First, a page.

Issue 255

After May’s UN summary report on biodiversity loss declared nature’s dangerous decline was ‘unprecedented’ and species extinction rates were ‘accelerating’, here we feature some of our work identifying the problems – and solutions.

Another Australian mammal has been listed as endangered. The spectacled flying-fox highlights the challenge in managing the conflict between human development and nature.

Conservation practices haven't progressed fast enough to meet the enormity of the environmental challenges. AI could be part of the answer to improve species detection methods and advise on better conservation approaches.

More than 1,770 species in Australia are listed as threatened or endangered. Invasive species are the biggest single threat.

In the face of climate change, how do we support terrestrial and oceanic ecosystems to adapt, while accelerating decision-making to create sustainable pathways for the future?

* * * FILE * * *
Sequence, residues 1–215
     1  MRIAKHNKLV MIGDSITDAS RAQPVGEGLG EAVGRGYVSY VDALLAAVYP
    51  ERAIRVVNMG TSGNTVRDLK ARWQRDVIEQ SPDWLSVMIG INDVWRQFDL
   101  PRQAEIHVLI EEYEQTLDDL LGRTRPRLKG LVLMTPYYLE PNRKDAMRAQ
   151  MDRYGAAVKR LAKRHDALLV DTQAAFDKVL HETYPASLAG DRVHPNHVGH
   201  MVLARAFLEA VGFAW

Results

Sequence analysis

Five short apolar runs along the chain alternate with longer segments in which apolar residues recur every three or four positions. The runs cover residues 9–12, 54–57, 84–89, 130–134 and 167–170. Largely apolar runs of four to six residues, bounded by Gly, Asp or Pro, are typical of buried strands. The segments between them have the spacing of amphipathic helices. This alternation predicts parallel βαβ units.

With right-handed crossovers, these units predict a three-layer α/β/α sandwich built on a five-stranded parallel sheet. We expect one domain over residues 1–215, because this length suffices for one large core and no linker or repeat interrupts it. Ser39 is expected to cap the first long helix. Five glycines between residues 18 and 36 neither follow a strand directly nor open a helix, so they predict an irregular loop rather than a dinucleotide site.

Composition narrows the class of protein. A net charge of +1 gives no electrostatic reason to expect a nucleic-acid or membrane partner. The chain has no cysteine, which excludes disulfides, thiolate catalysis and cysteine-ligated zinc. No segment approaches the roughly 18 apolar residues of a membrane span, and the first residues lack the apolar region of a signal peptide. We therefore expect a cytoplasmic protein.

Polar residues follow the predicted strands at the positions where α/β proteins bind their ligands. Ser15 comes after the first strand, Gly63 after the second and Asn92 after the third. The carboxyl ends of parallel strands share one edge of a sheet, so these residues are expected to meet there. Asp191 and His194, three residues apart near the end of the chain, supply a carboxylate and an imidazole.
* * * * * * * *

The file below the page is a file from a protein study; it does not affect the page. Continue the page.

As the world moves to ban single-use plastics, biodegradable plastics are increasingly in focus as an environmentally friendly alternative. However, some plastics degrade into microplastics, others take ages to disappear from the environment, and in certain conditions they produce powerful greenhouse gases.

While the plastic trash swirling around in our oceans gets most of the attention, new evidence shows that the solutions lie along our shoreline.

recycled plastics in small chips and separated, green on left and red on right

The problem of plastic is central to creating a circular economy. So, what is science doing to drive innovation. Introducing: The second life of plastics.